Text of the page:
“Ringing in the new year” with wild and pure noise is a folk favorite long predating the expensive and smelly ignition of fireworks. With mom’s Bell surname pumping deep in my veins, bell ringing reverberates in some Medieval backwater at the base of my brain.
My first bell was cast in brass and hand engraved in India, a cradle toy from Vic Rauzi, an Army colonel who roamed the world and brought back such trinkets for his godson.
Its ring is childlike, happy and unexpectedly loud. I’m sure mom was super thrilled. So much so that she “saved” it away until I was 5.
On my office wall is mounted a bell fit to raise the dead, a signal for the hoist operator in an underground mine. Designed to be heard over a riotous clamor of machinery, I’m shy about sounding it if anyone else is within a couple hundred feet. In most mines, rapidly repeated bells — seven in California, for example — meant an accident. A geyser of dust, fear and adrenaline blasted outward. Rescuers swarmed to save brothers, cousins, friends. In the library-like hush of a modern newspaper office, some superstition restrains me — a feeling that such a bell rang in jest might awaken a spirit of the netherworld.
But my strongest bells ring on a different wavelength altogether. They resound with emotion, not sound. Without setting out to collect them, the Bell family bells made their way to me. Humble working bells, each was handmade by some blacksmith — one or two perhaps by the infinitely versatile Lafe Bell, my grandfather. Hung around the necks of cattle and sheep, they not only facilitated retrieving livestock from cozy willow thickets down along the creek, but signaled danger with crazy clanging if ewes scurried to escape coyotes.
The prize is a bull bell of copper-brazed iron, a venerable artifact of bygone times. With a big rusted washer for a clapper, it sounds just like the past — of warm, clover-dotted pastures and vast, steaming wintertime exhalations floating through the pungent barn. Few immigrants would bother bringing such a humble object, but past generations of Bells in Northeast England would have instantly recognized it for what it is.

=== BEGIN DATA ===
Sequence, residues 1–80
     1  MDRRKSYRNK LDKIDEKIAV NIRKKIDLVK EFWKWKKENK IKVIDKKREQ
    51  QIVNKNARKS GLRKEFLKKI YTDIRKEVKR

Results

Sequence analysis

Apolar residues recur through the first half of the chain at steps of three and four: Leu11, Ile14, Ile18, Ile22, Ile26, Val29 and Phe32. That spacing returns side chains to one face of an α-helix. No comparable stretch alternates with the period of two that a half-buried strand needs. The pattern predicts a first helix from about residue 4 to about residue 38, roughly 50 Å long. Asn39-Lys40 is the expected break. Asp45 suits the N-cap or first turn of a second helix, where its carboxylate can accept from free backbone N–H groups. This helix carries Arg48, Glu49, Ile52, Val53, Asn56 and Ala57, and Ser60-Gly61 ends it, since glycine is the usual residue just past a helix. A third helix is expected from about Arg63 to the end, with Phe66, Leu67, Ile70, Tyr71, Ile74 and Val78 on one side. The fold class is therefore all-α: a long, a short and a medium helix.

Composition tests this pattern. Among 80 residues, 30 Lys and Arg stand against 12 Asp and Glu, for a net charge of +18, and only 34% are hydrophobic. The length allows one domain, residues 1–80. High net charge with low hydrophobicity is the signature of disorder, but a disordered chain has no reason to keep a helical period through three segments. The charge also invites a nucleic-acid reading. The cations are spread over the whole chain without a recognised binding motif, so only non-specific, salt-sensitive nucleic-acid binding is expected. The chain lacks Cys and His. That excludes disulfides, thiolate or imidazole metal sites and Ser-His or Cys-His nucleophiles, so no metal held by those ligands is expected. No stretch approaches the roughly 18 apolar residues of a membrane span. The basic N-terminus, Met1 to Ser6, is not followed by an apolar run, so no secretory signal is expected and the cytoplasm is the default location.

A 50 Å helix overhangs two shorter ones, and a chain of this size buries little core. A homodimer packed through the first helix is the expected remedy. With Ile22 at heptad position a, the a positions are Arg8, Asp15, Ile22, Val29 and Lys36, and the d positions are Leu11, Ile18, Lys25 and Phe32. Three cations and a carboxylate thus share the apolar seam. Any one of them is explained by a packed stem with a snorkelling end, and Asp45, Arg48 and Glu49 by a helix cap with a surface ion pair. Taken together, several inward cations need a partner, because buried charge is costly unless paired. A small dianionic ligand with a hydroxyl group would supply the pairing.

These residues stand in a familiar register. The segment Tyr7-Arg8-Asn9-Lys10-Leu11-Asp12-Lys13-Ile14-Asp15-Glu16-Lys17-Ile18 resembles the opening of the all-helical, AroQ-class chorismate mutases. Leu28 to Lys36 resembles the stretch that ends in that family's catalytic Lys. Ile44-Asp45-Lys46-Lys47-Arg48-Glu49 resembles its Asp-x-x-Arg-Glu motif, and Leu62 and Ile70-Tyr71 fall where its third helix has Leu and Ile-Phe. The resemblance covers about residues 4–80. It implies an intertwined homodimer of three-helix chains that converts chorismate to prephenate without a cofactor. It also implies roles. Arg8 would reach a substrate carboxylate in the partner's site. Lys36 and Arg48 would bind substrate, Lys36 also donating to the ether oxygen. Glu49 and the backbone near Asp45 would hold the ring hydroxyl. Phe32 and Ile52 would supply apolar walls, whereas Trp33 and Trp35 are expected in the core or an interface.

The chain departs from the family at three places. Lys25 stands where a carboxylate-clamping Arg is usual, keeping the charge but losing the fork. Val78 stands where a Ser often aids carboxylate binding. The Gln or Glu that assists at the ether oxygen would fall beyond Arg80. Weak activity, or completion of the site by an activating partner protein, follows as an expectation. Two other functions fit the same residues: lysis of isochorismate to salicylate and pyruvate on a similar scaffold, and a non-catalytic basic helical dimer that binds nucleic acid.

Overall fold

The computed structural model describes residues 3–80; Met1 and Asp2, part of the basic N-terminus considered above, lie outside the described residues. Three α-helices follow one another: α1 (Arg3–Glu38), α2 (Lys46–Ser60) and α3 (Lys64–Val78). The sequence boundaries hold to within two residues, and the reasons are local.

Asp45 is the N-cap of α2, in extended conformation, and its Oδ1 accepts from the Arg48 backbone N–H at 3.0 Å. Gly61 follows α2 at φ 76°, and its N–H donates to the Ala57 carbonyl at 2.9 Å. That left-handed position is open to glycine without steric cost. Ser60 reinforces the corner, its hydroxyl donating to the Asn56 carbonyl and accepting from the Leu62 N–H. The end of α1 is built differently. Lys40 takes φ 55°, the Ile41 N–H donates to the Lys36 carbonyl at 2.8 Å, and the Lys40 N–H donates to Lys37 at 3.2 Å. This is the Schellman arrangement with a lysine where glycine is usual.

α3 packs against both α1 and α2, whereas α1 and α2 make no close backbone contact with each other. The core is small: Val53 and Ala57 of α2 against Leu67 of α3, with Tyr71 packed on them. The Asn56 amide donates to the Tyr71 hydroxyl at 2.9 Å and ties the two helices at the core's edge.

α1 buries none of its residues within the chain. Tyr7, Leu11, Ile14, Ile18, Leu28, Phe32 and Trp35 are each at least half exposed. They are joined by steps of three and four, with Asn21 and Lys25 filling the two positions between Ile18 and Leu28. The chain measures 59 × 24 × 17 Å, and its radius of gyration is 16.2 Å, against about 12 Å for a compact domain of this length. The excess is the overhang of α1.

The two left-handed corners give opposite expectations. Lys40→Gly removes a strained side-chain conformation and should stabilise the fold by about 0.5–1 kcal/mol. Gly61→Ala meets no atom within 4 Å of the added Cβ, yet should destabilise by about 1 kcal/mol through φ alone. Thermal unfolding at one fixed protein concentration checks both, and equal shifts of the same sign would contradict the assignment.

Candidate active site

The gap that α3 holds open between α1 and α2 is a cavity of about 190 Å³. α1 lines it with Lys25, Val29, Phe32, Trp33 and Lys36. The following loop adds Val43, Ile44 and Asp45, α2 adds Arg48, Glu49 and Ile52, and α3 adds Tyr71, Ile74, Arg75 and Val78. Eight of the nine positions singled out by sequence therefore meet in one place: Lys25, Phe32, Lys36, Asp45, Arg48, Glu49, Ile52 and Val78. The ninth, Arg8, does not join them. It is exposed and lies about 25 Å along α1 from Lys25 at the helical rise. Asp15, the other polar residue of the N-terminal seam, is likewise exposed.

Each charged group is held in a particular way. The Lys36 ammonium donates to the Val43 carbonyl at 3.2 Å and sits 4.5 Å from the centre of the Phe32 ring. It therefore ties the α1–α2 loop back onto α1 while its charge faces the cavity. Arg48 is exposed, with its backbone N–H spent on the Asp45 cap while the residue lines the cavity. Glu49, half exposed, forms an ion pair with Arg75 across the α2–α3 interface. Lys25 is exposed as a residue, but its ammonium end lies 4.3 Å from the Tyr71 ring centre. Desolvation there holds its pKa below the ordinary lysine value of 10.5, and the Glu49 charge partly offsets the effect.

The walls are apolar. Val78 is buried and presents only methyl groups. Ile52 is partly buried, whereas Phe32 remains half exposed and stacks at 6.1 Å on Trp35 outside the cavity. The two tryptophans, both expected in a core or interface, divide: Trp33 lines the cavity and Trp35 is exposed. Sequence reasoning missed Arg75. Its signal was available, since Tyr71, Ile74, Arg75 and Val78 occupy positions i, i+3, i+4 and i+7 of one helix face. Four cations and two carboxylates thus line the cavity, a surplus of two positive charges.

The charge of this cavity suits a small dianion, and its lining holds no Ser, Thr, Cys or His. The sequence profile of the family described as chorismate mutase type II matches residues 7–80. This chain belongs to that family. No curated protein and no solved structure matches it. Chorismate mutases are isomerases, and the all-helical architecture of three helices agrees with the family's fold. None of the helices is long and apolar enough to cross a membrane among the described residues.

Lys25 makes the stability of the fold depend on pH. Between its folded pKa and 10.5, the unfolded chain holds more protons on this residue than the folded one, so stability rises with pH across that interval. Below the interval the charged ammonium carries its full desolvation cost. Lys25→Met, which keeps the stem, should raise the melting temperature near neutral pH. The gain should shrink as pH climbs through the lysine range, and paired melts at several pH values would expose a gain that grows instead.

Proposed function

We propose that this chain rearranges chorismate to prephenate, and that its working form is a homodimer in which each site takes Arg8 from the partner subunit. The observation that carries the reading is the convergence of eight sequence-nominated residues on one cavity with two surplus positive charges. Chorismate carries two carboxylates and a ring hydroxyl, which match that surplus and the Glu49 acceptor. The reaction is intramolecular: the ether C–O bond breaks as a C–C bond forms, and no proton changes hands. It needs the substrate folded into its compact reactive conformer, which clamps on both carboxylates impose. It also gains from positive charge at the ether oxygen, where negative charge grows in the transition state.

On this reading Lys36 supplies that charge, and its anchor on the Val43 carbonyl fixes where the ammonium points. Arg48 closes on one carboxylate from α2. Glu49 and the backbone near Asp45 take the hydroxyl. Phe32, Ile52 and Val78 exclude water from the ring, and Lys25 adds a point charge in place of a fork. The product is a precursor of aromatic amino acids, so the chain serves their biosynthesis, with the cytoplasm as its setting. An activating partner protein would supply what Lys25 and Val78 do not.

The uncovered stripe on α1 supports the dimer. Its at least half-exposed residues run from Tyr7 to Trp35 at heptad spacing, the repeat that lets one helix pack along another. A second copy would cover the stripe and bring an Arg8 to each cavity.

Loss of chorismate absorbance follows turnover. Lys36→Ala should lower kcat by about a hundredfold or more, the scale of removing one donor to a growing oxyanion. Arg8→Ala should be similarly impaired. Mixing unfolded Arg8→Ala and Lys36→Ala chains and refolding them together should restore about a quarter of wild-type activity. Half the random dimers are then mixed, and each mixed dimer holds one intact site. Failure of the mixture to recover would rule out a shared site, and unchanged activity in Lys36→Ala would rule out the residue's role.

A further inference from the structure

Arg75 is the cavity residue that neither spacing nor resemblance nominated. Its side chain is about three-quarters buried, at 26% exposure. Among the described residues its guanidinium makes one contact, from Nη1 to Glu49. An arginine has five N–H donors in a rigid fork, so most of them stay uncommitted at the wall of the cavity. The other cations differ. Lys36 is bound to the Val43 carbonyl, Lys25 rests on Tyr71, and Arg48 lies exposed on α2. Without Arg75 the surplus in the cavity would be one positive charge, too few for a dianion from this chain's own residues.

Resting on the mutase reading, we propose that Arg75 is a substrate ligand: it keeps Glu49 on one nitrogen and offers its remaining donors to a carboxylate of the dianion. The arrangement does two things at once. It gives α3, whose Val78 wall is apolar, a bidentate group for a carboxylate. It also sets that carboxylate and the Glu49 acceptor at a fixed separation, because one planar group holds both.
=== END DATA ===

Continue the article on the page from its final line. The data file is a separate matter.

“What it is” may go profoundly deeper than simple farm functions.
Writing in 2019 in the Archaeological Journal, Hugh Willmott and Adam Daubney of the University of Sheffield report on finding a group of such bells dating from between the seventh and ninth centuries. Considering their context — a long-forgotten marsh island and possible religious sanctuary — they consider copper-brazed bells to be essential ritual items. Summarizing their findings, British Archaeology said, “Brazen handbells made from folded iron were not just functional items for ringing or hanging on animals’ necks, but were ‘imbued with symbolic meaning’. The discovery of such a bell … should be taken as a marker for an early Christian presence.”
It’s probable that a tradition of alerting preliterate villagers of important occasions — holy and otherwise — continued in grander fashion as early churches acquired large cast-bronze bells. Mainly used to remind parishioners of their prayer duties at specific times of the day, bell-ringing also communicated much else — most notably deaths and funerals. (Local English parishes used different codes, but it was common for a child’s death to be signaled with three strokes, a woman’s with six and a man’s with nine.)